It was no cake walk. One thousand Americans died and another 2,100 were wounded. The American public was shocked at the high cost of taking such a small speck of land.
Shocked, but not deterred. Alexander:
That resolution represented doom for Japan. Her war strategy was premised entirely on the idea the Americans would tire of the war and refuse to pay the price to roll back Tokyo’s conquests. This, in turn, would open the way to a negotiated settlement. Tarawa demonstrated that this premise was a pipe dream.
Once the American public came to deal with the shock of the bodies floating in the shallows along Red Beach, the national mood became one of grim determination.
Later invasions in the Marshalls and Marianas benefited greatly from the lessons learned at Tarawa. At those battles, the Navy and Marines went into action with better doctrine, better weapons, and superior numbers. On Betio, they depended on guts, courage, and the initiative of enlisted men and junior officers.
Two telling sketches from Robert Leckie. The first from the day of the invasion:
On 24 November, Marine Generals Holland Smith and Julian Smith toured Tarawa:
In another Amtrack was a stocky corporal named John Joseph Spillane, a youngster who had a big-league throwing arm and the fielding ability which had brought Yankee and Cardinal scouts around to talk to his father. The Old Lady and Corporal Spillane went into Betio in the first wave, a load of riflemen crouching below her gunwales, a thick coat of hand-fashioned steel armor around her unlovely hull. Then she came under the sea wall and the Japanese began lobbing grenades into her.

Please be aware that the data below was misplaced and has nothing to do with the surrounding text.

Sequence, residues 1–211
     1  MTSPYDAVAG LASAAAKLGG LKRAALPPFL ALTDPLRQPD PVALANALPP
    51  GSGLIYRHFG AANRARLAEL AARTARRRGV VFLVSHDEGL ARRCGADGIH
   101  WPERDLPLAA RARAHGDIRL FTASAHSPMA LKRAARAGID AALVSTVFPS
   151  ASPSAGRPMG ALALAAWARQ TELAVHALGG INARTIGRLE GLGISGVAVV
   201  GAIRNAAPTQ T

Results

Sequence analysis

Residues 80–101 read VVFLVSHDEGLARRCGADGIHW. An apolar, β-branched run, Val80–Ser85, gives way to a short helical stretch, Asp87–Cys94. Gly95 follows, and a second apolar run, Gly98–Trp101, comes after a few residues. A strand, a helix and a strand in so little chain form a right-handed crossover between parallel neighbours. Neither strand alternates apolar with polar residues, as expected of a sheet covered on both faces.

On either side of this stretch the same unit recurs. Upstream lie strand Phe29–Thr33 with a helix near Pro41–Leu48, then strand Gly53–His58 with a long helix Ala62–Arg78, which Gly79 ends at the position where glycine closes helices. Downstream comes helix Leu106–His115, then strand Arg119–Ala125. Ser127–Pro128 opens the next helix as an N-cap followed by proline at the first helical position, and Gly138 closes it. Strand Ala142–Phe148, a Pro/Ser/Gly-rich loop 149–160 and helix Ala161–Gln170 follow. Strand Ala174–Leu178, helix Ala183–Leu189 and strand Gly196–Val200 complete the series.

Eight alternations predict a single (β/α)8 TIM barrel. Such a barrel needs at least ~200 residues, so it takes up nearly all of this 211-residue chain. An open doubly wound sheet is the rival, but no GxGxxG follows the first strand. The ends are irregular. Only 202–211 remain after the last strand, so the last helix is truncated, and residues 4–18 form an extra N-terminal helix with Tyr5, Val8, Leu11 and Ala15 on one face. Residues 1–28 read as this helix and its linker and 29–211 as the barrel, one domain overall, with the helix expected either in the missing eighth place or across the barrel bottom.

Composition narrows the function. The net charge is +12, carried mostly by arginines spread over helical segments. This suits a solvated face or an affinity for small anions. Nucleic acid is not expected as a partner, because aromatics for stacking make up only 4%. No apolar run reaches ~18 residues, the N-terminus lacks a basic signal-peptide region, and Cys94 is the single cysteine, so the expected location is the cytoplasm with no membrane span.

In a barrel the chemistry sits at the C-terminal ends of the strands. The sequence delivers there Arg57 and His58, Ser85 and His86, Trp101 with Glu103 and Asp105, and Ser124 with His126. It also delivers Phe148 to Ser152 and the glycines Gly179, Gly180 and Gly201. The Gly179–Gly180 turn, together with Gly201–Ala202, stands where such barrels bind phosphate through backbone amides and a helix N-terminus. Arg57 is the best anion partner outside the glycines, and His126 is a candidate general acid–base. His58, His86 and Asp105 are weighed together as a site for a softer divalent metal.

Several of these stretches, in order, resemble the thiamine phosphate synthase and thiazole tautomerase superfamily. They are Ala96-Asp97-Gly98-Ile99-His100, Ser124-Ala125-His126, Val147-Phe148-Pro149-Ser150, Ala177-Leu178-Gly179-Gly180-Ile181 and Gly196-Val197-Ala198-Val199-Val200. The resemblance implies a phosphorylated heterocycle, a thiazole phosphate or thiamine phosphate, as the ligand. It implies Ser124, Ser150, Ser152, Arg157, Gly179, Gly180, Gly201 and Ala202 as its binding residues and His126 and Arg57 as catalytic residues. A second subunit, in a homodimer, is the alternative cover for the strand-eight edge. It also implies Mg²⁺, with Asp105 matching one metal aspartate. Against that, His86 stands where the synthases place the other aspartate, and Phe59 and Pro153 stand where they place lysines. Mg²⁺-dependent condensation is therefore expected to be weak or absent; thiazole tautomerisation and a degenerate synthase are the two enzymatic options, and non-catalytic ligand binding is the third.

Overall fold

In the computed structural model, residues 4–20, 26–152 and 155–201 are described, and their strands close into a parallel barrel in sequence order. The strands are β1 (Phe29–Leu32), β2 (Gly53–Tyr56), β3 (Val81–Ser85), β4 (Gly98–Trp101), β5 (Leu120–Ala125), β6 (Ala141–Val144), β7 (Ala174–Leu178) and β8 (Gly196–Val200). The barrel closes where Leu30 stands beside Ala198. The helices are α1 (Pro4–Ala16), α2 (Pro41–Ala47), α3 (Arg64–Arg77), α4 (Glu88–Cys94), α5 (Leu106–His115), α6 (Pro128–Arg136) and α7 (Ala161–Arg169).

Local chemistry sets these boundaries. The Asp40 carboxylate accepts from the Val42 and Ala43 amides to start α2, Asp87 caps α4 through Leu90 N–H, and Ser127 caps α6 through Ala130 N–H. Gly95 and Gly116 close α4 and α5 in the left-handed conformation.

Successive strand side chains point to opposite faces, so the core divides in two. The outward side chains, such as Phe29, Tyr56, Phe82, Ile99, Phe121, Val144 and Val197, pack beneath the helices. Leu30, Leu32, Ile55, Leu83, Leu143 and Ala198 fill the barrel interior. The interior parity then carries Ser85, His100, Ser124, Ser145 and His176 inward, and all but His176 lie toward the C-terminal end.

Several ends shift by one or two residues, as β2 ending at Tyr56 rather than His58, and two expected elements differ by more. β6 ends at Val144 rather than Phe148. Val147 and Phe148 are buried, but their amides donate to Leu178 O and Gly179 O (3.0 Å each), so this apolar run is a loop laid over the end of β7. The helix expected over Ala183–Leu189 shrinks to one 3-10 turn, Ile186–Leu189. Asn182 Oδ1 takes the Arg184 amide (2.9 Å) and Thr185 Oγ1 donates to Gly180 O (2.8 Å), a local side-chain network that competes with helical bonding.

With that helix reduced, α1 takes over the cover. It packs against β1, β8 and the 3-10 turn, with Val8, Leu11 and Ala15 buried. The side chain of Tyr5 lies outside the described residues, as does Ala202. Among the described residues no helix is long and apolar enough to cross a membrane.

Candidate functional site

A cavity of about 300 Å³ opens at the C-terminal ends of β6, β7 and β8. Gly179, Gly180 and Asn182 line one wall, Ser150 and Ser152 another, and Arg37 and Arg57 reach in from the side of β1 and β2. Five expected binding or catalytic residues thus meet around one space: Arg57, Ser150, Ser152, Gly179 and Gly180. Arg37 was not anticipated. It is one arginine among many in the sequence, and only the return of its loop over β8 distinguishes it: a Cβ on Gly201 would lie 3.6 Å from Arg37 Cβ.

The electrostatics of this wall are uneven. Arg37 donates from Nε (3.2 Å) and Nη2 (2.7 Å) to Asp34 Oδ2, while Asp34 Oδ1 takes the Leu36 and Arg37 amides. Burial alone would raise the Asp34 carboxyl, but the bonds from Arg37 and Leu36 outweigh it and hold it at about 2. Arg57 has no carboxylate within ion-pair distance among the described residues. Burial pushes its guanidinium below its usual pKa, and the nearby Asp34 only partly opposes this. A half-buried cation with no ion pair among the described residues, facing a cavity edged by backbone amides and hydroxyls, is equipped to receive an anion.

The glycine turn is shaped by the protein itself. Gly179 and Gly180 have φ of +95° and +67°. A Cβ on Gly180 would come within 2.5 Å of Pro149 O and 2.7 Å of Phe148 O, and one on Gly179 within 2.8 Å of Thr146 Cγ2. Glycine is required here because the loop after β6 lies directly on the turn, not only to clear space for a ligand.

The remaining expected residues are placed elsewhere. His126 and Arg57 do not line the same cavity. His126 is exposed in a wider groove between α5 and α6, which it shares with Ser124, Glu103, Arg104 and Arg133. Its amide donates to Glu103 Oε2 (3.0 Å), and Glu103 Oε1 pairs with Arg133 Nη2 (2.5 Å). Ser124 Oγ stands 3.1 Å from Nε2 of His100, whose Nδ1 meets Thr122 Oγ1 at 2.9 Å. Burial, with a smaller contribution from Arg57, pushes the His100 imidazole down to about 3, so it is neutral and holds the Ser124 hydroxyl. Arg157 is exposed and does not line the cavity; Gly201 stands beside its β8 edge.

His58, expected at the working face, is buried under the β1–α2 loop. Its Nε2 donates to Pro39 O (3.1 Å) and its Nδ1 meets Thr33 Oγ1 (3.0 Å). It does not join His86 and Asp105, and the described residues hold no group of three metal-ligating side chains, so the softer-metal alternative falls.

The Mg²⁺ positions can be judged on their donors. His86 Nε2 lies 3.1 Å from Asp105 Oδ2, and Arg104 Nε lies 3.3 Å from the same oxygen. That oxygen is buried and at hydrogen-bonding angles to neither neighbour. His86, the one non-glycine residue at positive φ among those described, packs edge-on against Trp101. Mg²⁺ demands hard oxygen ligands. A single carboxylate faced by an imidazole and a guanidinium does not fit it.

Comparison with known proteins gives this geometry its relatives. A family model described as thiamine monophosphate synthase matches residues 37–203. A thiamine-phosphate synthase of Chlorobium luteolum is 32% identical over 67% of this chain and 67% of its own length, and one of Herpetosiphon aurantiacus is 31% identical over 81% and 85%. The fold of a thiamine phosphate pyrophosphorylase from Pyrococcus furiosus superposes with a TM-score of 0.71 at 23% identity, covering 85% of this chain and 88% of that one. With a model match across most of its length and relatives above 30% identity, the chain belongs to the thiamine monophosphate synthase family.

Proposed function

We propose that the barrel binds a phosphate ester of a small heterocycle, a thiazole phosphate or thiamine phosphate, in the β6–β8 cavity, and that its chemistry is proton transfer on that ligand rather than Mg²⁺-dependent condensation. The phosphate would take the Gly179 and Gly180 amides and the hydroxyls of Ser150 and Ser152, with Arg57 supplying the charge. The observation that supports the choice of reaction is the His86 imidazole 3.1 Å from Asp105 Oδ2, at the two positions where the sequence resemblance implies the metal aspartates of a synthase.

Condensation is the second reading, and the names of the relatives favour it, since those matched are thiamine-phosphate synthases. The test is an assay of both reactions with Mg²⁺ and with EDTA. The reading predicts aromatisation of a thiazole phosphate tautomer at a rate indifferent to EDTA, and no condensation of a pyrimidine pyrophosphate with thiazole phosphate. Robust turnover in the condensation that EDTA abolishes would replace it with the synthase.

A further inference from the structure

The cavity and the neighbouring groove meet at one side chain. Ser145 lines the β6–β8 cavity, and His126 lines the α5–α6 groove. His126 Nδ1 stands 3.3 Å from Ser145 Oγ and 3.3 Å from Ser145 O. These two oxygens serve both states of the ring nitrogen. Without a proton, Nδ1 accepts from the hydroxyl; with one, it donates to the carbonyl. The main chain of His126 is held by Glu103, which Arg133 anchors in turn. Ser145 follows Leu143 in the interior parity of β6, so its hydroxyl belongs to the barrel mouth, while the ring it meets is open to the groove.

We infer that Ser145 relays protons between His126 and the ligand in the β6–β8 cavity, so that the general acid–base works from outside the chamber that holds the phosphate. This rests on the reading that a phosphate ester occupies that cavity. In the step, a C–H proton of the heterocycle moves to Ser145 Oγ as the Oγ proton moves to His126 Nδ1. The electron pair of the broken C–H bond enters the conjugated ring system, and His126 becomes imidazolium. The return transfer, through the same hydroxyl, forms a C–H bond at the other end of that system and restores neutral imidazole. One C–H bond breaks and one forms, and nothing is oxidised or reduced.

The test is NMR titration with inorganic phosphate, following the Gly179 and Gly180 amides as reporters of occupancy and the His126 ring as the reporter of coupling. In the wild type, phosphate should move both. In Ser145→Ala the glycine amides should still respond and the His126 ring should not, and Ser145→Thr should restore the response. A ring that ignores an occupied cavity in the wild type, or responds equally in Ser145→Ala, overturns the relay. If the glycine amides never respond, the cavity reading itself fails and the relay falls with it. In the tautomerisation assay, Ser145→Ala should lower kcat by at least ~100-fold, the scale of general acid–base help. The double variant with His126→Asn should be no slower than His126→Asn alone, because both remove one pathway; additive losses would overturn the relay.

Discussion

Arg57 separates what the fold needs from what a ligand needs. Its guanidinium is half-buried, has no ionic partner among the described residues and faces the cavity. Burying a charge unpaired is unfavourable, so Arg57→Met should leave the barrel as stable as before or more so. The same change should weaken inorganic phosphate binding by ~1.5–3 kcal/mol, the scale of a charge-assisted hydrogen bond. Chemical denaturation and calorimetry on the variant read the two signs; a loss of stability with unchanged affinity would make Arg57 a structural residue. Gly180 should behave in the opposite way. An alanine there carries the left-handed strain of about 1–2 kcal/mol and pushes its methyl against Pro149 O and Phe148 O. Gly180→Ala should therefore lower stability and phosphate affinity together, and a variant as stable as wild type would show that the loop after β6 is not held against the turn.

The first came in hissing and smoking and Corporal Spillane dove for it. He trapped it and pegged it in a single, swift practiced motion. Another. Spillane picked it off in mid-air and hurled it back. There were screams. There were no more machine-gun bullets rattling against The Old Lady's sides. Two more smoking grenades end-over-ended into the amtrack. Spillane nailed both and flipped them on the sea wall. The assault troops watched him in fascination. And then the sixth one came in and Spillane again fielded and threw.
But this one exploded.
Johnny Spillane was hammered to his knees. His helmet was dented. There was shrapnel in his right side, his neck, his right hip, and there was crimson spouting from the pulp that had been his right hand.
But the assault troops had vaulted onto the beach and were scrambling for the sea wall. Though Johnny Spillane's baseball career was over, he had bought these riflemen precious time, and he was satisfied to know it as he called, 'Let's get outta here,' to his driver and the squat gray amphibian backed out into the water to take him out to the transport where the doctor would amputate his right hand at the wrist.
The generals Smith began to tour the island. Even Julian Smith, who had been on Betio since November 22, was stunned by what he saw. Both generals understood at last why pillboxes and blockhouses which had withstood bombs and shells had eventually fallen. Within each of them lay a half-dozen or more dead Japanese, their bodies sprawled around those of three or four Marines. Julian Smith's men had jumped inside to fight it out at muzzle range.